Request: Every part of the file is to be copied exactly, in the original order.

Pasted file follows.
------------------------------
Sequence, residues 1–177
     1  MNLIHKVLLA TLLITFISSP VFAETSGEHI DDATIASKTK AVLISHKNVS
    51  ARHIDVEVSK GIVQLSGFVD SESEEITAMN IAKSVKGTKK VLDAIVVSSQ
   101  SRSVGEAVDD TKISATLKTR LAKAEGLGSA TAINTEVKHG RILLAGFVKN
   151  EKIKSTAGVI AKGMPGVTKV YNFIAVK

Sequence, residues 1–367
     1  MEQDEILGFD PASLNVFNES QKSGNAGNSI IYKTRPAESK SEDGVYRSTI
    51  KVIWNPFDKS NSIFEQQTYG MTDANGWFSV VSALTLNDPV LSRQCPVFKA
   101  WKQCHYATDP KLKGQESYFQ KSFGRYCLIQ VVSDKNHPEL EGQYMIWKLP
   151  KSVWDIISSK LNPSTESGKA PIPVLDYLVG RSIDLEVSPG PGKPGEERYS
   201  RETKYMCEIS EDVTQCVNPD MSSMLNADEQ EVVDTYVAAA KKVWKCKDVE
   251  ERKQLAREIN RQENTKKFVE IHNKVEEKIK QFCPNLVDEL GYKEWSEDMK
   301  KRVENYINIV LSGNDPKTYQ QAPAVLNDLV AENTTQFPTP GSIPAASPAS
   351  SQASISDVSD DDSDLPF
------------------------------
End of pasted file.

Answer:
Sequence, residues 1–177
     1  MNLIHKVLLA TLLITFISSP VFAETSGEHI DDATIASKTK AVLISHKNVS
    51  ARHIDVEVSK GIVQLSGFVD SESEEITAMN IAKSVKGTKK VLDAIVVSSQ
   101  SRSVGEAVDD TKISATLKTR LAKAEGLGSA TAINTEVKHG RILLAGFVKN
   151  EKIKSTAGVI AKGMPGVTKV YNFIAVK

Sequence, residues 1–367
     1  MEQDEILGFD PASLNVFNES QKSGNAGNSI IYKTRPAESK SEDGVYRSTI
    51  KVIWNPFDKS NSIFEQQTYG MTDANGWFSV VSALTLNDPV LSRQCPVFKA
   101  WKQCHYATDP KLKGQESYFQ KSFGRYCLIQ VVSDKNHPEL EGQYMIWKLP
   151  KSVWDIISSK LNPSTESGKA PIPVLDYLVG RSIDLEVSPG PGKPGEERYS
   201  RETKYMCEIS EDVTQCVNPD MSSMLNADEQ EVVDTYVAAA KKVWKCKDVE
   251  ERKQLAREIN RQENTKKFVE IHNKVEEKIK QFCPNLVDEL GYKEWSEDMK
   301  KRVENYINIV LSGNDPKTYQ QAPAVLNDLV AENTTQFPTP GSIPAASPAS
   351  SQASISDVSD DDSDLPF